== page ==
Feed the Future
This project is part of the U.S. Government's global hunger and food security initiative.

Low-cost video toolkit and workshops: Plain language guidance for high-tech extension

This blog post was written by Dustin Andres of FHI 360 and the USAID-funded FACET project.

Participants test out their camera on day two of the Nairobi workshop. FHI360If you haven’t experienced difficulty working with video, then you probably haven’t tried it out for yourself. Despite the profusion of free software, inexpensive handheld projectors, and sub-$100 camcorders, working in video requires a number of technical skills, clear storytelling, and ample determination. Many development projects discover this reality soon after sending cameras to the field, only to receive shaky, difficult-to-edit footage in kind. Thus, professional videographers may look comparatively good, despite a steep price tag that can eat away at your project budget.

It does not have to be this way. While it is true that low-cost video is more complex than just purchasing a camcorder, there is no need to use your limited budget on pricey professionals if your staff is properly trained and supported. With ample consideration of concept, design, and execution, you can leverage low-cost video to help you circulate information and engage local farmers at a minimal cost.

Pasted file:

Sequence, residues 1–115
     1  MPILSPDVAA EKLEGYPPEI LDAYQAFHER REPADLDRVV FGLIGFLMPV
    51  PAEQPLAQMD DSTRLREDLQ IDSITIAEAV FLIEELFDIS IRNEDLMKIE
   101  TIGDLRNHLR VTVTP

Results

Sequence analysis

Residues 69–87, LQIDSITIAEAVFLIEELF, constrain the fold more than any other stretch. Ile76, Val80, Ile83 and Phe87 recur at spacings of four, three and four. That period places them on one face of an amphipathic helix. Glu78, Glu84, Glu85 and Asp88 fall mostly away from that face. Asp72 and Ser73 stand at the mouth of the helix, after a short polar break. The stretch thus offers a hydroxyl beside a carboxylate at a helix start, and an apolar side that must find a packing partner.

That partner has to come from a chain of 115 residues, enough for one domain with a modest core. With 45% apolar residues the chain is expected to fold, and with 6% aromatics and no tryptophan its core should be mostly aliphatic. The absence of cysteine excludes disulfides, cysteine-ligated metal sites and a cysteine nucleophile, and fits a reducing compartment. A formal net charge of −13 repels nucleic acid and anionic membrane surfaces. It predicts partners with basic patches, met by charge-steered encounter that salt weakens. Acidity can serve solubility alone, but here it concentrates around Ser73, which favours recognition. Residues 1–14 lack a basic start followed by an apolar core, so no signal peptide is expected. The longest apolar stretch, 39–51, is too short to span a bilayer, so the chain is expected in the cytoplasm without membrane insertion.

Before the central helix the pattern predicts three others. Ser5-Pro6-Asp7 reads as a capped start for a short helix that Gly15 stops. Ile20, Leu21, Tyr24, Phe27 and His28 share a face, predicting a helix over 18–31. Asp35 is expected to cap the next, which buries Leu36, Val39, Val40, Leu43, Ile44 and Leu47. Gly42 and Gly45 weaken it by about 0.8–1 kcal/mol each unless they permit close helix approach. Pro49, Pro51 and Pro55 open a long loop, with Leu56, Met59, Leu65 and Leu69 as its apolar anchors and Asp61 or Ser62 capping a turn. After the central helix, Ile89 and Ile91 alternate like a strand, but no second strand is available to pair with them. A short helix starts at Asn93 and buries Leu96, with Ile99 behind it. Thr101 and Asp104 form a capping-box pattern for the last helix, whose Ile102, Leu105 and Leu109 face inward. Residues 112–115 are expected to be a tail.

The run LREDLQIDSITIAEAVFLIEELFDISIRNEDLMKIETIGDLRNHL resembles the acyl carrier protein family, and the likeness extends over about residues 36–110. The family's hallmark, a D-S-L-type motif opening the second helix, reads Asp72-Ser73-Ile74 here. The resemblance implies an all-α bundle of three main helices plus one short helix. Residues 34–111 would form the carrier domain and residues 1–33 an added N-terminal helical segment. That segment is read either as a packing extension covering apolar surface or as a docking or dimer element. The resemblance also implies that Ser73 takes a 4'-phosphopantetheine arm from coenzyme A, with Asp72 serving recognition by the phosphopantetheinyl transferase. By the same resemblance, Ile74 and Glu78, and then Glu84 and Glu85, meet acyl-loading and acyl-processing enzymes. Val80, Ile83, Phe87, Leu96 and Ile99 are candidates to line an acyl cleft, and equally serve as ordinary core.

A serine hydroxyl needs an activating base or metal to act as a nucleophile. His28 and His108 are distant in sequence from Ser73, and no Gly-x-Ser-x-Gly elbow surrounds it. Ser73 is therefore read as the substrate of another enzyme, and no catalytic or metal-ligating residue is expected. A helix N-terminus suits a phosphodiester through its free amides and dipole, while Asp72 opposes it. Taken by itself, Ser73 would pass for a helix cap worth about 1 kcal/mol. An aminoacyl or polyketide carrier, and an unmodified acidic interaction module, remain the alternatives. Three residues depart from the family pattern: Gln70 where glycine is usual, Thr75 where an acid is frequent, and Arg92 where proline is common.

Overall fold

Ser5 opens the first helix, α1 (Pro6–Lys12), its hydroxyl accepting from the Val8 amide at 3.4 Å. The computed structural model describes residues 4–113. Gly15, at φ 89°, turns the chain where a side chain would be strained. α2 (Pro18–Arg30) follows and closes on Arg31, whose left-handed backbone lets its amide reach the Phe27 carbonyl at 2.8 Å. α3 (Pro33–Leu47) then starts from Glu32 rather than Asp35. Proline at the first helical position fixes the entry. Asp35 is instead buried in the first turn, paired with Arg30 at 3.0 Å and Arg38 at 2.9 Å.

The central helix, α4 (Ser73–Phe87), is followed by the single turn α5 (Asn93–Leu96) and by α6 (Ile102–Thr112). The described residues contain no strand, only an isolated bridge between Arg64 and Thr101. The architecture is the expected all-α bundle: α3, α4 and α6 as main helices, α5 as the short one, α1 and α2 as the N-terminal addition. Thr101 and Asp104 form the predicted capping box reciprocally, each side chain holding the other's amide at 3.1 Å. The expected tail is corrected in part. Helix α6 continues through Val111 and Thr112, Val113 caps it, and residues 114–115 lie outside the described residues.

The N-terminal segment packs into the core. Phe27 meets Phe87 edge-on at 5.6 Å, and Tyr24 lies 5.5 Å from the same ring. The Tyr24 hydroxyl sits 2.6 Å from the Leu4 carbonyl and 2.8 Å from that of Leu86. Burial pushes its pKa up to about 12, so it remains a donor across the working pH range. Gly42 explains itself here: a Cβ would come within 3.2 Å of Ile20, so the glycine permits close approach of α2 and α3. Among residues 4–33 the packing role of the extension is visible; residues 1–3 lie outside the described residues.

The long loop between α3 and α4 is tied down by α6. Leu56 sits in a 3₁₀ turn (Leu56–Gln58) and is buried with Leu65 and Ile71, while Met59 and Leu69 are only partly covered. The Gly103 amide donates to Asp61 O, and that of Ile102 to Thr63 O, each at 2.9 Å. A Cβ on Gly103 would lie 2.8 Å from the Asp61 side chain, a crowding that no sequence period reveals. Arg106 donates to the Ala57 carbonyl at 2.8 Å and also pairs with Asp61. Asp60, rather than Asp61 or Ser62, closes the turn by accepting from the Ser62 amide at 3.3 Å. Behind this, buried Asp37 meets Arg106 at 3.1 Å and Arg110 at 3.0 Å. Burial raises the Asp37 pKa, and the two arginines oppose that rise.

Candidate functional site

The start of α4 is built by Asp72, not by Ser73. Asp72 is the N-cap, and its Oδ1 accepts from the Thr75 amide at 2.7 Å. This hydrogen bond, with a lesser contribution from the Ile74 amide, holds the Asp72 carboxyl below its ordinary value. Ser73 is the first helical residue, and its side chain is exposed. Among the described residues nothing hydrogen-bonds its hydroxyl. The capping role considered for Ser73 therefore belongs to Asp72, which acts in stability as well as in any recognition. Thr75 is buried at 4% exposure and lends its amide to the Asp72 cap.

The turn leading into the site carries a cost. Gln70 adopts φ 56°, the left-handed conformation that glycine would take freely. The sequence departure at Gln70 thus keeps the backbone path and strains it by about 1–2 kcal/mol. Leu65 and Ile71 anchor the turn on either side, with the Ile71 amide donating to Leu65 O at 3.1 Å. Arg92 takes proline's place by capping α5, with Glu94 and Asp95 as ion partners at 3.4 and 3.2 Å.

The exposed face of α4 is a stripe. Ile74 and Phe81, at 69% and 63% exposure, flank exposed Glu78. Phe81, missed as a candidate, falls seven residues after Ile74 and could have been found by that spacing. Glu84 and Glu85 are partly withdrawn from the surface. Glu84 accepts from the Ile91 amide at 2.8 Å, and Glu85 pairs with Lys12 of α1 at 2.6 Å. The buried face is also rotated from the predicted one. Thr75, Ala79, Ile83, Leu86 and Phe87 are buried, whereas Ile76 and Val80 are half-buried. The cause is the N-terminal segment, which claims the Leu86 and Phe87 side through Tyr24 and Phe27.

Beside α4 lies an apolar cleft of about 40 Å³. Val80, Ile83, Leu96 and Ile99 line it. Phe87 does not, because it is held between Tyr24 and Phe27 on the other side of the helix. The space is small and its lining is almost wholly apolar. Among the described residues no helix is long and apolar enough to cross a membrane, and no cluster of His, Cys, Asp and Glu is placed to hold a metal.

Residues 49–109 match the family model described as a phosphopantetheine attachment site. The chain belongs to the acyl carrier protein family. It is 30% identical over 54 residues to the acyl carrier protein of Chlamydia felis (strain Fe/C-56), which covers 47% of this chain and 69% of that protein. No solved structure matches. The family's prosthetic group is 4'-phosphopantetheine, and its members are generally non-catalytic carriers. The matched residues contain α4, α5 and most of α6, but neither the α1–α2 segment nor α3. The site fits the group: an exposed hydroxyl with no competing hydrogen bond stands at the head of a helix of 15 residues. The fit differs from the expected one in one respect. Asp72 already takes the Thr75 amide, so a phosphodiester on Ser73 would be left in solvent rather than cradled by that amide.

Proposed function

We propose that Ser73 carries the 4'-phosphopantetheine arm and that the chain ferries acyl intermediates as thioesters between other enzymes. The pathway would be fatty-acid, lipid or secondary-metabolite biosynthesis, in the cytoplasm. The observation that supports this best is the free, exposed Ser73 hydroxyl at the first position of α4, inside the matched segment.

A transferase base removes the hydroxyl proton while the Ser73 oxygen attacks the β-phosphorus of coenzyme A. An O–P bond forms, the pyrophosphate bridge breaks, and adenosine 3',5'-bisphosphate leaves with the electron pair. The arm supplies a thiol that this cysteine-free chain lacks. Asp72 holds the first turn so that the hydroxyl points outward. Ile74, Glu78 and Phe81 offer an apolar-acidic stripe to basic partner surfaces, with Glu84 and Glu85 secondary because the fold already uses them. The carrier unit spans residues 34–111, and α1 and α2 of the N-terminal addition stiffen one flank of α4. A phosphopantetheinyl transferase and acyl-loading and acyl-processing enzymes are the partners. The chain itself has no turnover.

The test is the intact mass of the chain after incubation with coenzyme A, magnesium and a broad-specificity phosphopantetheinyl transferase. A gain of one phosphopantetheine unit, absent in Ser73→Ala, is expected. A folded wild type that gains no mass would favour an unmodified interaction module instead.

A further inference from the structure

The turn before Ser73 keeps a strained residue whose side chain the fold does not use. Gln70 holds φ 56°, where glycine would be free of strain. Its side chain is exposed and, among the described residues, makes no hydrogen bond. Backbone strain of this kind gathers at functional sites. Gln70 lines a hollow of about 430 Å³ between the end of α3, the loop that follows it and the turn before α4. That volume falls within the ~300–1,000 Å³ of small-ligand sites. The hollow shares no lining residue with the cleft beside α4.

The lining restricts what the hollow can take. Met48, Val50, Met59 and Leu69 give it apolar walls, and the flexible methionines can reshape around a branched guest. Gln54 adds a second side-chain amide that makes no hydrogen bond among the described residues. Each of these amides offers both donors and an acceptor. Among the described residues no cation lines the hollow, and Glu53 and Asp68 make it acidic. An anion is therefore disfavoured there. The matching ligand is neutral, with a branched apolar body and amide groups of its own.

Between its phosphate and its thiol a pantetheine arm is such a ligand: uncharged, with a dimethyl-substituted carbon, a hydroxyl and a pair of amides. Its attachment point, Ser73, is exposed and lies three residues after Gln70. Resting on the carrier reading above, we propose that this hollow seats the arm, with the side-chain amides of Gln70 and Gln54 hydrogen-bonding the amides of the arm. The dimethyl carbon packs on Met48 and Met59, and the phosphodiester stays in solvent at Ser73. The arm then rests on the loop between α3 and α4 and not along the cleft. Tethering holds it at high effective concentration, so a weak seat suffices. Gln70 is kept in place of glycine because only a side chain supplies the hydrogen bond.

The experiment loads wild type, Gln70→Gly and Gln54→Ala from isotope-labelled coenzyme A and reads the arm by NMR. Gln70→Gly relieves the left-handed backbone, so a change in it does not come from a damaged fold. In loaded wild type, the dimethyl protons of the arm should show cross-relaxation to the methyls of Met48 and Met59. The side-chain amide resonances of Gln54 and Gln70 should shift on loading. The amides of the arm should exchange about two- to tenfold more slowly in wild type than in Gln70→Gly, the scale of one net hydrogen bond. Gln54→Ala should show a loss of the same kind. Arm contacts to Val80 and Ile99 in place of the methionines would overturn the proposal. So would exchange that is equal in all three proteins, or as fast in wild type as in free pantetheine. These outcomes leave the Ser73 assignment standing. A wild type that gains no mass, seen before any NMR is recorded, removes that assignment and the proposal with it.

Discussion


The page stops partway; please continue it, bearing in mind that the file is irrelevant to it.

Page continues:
To address these questions, the USAID-funded Fostering Agriculture Competitiveness Employing Information Communication Technologies (FACET) project has developed an online toolkit that can help users through every stage of planning, producing, and disseminating agricultural videos. It is available for free download, and is titled Integrating Low-Cost Video into Agricultural Development Projects: A Toolkit for Practitioners.

The toolkit has been field-tested throughout May, beginning in Kenya and Mozambique, and continuing in Ghana next week. The workshops focus on experiential learning, empowering users to produce their own videos using techniques designed to tailor their material to project objectives. The photo slideshow below highlights last week’s session in Maputo. 

In total, toolkit author Josh Woodard and I will lead four in-person week-long workshops in May for USAID-implementing partners in sub-Saharan Africa. To find out more about the possibility of future workshops elsewhere, please contact Josh Woodard, FACET program officer at jwoodard@fhi360.org. If you are interested in receiving a copy of the low-cost toolkit, there are very limited quantities available for USAID-funded partners.

Access the online low-cost video toolkit here.

Learn more about information and communications technology in agriculture here.